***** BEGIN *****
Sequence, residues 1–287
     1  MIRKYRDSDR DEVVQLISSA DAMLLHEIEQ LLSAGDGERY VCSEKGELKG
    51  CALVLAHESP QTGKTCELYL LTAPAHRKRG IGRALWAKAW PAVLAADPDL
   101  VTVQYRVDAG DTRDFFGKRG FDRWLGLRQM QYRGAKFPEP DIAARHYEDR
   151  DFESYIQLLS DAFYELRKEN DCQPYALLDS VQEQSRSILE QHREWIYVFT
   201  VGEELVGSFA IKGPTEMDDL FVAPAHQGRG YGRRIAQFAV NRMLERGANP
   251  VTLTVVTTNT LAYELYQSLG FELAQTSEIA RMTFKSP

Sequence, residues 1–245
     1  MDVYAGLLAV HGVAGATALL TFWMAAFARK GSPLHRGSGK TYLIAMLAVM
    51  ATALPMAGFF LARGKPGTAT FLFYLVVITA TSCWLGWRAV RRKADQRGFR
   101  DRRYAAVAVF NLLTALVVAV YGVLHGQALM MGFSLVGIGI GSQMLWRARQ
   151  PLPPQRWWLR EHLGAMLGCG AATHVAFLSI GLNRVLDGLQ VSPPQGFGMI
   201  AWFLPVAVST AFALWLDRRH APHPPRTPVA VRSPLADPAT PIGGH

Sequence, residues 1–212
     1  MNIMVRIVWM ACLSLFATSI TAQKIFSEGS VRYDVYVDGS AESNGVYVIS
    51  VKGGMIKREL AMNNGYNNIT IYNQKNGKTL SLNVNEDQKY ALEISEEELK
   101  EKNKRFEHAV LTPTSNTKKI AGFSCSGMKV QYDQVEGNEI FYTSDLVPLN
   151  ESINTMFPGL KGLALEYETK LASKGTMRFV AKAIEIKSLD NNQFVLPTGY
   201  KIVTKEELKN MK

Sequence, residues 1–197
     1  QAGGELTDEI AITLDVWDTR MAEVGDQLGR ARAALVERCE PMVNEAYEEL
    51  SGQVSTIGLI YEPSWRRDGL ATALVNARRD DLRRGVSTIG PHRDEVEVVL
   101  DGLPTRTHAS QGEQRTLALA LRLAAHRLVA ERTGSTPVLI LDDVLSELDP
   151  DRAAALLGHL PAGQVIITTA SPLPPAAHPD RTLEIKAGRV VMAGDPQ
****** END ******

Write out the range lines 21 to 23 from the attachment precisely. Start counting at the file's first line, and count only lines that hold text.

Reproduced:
     1  QAGGELTDEI AITLDVWDTR MAEVGDQLGR ARAALVERCE PMVNEAYEEL
    51  SGQVSTIGLI YEPSWRRDGL ATALVNARRD DLRRGVSTIG PHRDEVEVVL
   101  DGLPTRTHAS QGEQRTLALA LRLAAHRLVA ERTGSTPVLI LDDVLSELDP